The risk of appearance of lymphangiosarcoma following mastectomy and radiation therapy has been recently analyzed. Between 1954 and 1983, 7620 patients were treated for breast carcinoma at Institut Gustave Roussy (France) (14). Of these patients, 6919 were followed for at least 1 year. Out of these, 11 presented with sarcomas thought to be induced by irradiation, 2 of which were Steward-Treves Syndrome, and 9 of which were sarcomas within the irradiated fields. All histological slides were reviewed and a comparison with those of breast cancer was done. The sites of these sarcomas were: parietal wall, 1 case; second costal cartilage, 1 case; infraclavicular region, 1 case; supraclavicular region, 2 cases; internal third of the clavicle, 2 cases; axillary region 2 cases; and the internal side of the upper arm (Stewart-Treves syndrome), 2 cases. The median age of these 11 patients at the diagnosis of sarcomas was 65.8 (49-83). The mean latent period was 9.5 years (4-24). Three patients underwent radical mastectomy and nine modified radical mastectomy. Only one patient received chemotherapy. The radiation doses received at the site of the sarcoma were 45 Gy/18 fr. for 10 cases and 90-100 Gy for 1 case (due to overlapping between two fields). The histology was as follows: malignant fibrous histiocytoma, 5 cases; fibrosarcoma, 3 cases; lymphangiosarcoma, 2 cases; and osteochondrosarcoma, 1 case. The median survival following diagnosis of sarcoma was 2.4 years (4 months-9 years). Two patients are still alive: one with recurrence of her breast cancer, the other in complete remission, with 7 and 3 years follow-up, respectively. All other patients died from their sarcomas. The cumulative incidence of sarcoma following irradiation of breast cancer was 0.2% (0.09-0.47) at 10 years. The standardized incidence ratio (SIR) of sarcoma (observed n# of cases (Obs)/expected n# of cases (Exp) computed from the Danish Cancer Registry for the same period) was 1.81 (CI 0.91-3.23). This is significantly higher than one, with a p = 0.03 (One Tailed Exact Test). The mean annual excess (Obs-Exp)/100.000 person-years at risk during the same period/(100,000) was 9.92. This study suggests that patients treated by radiation for breast cancer have a risk of subsequent sarcomas that is higher than the general population. However, the benefit from adjuvant radiation therapy in the treatment of breast cancer exceeds the risk of second cancer; therefore, the potential of radiation-induced sarcomas should not be a factor in the selection of treatment for patients with breast cancer.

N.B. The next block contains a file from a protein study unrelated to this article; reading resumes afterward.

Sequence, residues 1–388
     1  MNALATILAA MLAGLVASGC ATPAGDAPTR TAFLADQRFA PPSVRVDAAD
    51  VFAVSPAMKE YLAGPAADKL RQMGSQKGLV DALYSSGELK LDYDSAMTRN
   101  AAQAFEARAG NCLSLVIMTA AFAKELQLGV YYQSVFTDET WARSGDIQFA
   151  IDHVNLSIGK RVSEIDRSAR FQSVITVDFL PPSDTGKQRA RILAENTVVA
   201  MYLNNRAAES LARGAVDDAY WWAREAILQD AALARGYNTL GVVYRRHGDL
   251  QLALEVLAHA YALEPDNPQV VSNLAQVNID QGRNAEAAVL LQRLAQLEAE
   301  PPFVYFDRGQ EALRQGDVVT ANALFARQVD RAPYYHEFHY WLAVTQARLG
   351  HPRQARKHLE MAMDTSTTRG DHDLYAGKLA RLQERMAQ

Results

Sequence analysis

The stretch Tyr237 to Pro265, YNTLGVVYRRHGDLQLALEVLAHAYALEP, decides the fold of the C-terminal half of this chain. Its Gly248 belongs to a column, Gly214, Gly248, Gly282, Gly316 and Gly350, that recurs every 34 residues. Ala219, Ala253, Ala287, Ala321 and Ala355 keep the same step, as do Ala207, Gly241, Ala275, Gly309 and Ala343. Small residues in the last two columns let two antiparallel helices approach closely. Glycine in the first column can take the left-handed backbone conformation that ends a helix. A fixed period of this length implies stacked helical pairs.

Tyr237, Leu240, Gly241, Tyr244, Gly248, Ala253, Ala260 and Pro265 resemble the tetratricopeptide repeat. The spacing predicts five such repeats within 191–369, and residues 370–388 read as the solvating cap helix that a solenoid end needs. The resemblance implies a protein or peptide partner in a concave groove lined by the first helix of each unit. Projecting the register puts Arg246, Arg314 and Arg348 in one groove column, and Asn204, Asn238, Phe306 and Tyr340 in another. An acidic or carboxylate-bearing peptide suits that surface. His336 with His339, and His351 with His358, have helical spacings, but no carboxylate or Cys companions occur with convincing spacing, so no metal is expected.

Moreover, we emphasized the importance of regular clinical controls in all patients affected by chronic lymphoedema (15,16). In fact, although the prognosis of this neoplasm is very poor, a prompt diagnosis and a rapid, ablative surgery associated with radiation therapy can increase the possibility of survival of these patients (17,18). Chemotherapy with intraarterial mitoxantrone and placitaxel with ex vivo previous sensitivity test seems a current adequate complementary approach (19).